Not to mention that there is plenty of evidence to show that the executives in this case were fully aware of their employees actions, and engaged in numerous activities to hide those actions from the police and general public. In any other corporation, that would mean jail time for the execs.

  6. screechymonkey says

    They’ve been fighting desperately to avoid being held to the same standard as other private entities.

    I’m reminded of Dan Savage’s frequent observation that if children were raped at Denny’s restaurants as often as at Catholic churches, it would be a crime to take your child to Denny’s.

  7. John Morales says

    I saw this story yesterday on the national broadcaster, and this struck me:

    “I acknowledge there to be some standards, if that’s the word, for comparable levels of offences and comparable levels of suffering,” he [Cardinal Pell] said.

    “Money was never my primary concern. My primary concern was to help the victims.

    “I was quite clear that we provide what was appropriate.”

    He said the $50,000 cap in 1996 would be equivalent to about $120,000 today.

    When asked if the current cap of $75,000 therefore was “going backwards”, Cardinal Pell said “going from $50,000 to $75,000 is going forward”.

    (Cool, logical sophistry)

  8. Sara Lin Wilde says

    This analogy only works if the trucking companies deliberately strived to get hitchhikers riding shotgun in every single one of their trucks, then worked to conceal any sexual abuse that ensued from the proper authorities while meting out slap-on-the-wrist discipline to the truckers who were violating passengers’ consent. Oh, and they’d also have to tell the hitchhikers that the truck drivers have the power to send them to hell.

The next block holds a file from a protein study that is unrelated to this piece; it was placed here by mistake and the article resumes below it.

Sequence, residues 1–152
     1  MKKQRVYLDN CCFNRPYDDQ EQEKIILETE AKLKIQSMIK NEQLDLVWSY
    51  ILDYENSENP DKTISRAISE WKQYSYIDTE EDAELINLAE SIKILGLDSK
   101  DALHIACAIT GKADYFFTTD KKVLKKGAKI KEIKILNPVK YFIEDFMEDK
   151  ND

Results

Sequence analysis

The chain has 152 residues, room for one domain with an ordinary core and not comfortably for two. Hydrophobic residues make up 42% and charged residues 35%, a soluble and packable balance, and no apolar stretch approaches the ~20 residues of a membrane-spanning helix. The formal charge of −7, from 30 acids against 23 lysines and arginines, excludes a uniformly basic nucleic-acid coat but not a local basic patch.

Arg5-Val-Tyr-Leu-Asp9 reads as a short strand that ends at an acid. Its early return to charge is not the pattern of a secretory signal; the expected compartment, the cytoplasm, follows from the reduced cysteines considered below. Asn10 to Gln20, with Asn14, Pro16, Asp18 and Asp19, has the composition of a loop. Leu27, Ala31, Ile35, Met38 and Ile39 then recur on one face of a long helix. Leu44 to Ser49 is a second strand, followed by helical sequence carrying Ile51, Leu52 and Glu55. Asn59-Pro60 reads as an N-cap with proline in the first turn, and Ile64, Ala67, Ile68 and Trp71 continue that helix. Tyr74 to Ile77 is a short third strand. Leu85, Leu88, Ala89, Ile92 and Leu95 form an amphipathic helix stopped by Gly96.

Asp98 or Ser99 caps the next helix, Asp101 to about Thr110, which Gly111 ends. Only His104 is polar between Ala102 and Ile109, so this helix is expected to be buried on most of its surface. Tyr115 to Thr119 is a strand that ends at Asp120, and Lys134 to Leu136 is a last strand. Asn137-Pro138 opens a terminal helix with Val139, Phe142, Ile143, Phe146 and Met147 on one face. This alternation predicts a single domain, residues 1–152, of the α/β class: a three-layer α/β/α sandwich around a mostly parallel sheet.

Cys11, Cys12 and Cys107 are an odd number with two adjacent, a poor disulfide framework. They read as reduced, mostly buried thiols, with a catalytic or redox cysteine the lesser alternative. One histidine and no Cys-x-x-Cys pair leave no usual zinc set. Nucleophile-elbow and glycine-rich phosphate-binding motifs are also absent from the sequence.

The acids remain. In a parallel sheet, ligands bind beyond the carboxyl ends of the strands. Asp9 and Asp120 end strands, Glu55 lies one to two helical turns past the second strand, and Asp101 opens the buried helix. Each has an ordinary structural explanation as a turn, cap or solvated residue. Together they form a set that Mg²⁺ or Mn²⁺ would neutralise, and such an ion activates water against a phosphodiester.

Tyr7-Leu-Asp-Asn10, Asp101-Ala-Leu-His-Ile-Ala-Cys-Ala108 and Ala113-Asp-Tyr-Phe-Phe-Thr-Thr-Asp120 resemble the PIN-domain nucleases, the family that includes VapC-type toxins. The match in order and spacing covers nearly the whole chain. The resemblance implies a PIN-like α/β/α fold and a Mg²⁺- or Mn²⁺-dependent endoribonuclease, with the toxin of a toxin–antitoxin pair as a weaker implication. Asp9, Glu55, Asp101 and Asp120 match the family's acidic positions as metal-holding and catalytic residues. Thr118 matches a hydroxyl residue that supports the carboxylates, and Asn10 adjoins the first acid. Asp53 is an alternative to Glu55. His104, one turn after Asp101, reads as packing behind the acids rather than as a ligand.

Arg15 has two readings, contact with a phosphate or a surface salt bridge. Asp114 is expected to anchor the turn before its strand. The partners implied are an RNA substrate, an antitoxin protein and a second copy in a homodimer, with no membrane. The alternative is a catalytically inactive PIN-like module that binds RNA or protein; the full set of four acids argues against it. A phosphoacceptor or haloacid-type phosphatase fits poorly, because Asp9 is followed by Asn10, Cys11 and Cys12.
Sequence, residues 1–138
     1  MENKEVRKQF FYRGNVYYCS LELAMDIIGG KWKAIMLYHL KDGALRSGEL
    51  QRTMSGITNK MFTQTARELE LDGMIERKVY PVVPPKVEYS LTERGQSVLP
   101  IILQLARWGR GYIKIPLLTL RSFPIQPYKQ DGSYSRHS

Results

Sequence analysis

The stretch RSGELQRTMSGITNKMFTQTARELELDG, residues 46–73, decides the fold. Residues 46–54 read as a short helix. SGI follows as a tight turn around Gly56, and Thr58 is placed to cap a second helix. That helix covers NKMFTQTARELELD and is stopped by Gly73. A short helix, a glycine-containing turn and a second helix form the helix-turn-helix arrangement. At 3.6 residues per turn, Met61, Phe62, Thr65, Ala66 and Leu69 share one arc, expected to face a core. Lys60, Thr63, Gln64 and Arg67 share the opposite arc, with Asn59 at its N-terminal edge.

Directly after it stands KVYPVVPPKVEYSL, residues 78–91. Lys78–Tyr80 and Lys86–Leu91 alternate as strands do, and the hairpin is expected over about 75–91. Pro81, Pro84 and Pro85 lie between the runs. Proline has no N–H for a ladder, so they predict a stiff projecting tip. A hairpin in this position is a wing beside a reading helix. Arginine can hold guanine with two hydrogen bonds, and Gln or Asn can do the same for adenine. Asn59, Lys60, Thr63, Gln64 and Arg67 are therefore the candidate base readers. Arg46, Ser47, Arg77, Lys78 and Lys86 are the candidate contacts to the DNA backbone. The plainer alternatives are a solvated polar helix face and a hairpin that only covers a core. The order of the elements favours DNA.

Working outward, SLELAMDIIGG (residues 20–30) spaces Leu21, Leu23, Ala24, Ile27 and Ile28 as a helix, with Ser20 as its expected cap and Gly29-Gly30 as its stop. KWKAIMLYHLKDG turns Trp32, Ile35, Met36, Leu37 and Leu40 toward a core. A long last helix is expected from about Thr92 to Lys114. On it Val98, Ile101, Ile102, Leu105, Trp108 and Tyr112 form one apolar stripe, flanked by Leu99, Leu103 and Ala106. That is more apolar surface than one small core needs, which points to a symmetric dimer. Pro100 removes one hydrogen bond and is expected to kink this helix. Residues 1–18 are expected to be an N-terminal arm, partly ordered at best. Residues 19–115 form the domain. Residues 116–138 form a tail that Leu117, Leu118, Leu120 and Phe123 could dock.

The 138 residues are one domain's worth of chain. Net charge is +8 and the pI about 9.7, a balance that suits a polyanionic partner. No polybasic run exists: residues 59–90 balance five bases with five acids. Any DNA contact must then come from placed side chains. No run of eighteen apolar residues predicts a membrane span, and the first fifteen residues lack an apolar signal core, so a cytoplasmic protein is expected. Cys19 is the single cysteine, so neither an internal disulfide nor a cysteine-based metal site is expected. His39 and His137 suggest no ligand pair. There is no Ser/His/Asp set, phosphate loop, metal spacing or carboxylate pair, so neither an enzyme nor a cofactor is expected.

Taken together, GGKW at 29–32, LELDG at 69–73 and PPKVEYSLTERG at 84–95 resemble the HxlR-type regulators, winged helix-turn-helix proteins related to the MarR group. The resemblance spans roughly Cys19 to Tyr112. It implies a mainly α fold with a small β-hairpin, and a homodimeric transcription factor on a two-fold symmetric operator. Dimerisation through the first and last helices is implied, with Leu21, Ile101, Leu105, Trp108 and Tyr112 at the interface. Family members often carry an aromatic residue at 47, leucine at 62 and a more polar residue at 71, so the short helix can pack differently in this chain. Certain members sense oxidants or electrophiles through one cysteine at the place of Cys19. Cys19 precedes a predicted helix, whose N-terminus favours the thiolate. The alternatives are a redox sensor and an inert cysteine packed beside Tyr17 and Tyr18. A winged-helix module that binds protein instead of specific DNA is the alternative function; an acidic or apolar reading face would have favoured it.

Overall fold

9. smhll says

    Does the hypothetical trucker paint words on the side of the truck that say “Hey,kiddies, God says I’m terrific!”?

  10. sailor1031 says

    If George Pell had ever done an honest day’s work in his life, in his own or someone else’s company, he would be aware that employers may indeed be responsible for the acts of their employees if those employees are either acting in the workplace or in their official capacity anywhere. If a trucker raped a victim he picked up along the way his employer very likely would be responsible – especially if the trucker had a history of such acts. Sexual harassment in the workplace is taken very seriously by aware companies – among other reasons precisely because a company can be held liable should there be any negligence proven – negligence such as ignoring evidence, moving the harasser to another assignment, failing to investigate in good faith etc. Pell needs to get a job and undergo the HR briefing, except he’s too useless to get hired anywhere.

    In addition to the above, organizations and private individuals are responsible for harms incurred on their properties whether they knew about them or not. Cardinal darlin’ – it’s one reason why we all have liability insurance, renters insurance, homeowners insurance. Get a fuckin’ clue FCS!!

  11. Omar Puhleez says

    “The Catholic hierarchy cannot be responsible for the conduct of all its priests. No matter if they provide “moral truth”, they cannot be expected to have absolute control over all their employees.”

    Are priests commonly regarded as “employees” of the Church?
    Or is the Church a ‘community’ of clergy and laity, as it so often portrays itself to be?
    And does such a ‘community’ have a moral (legal is another debate) responsibility to repair or compensate for damage done by one of its members, particularly on ‘community’ premises and in association with ‘community’ activities? Or is it yet another example of Galbrath’s principle in reverse: gains to be socialised and losses to be privatised?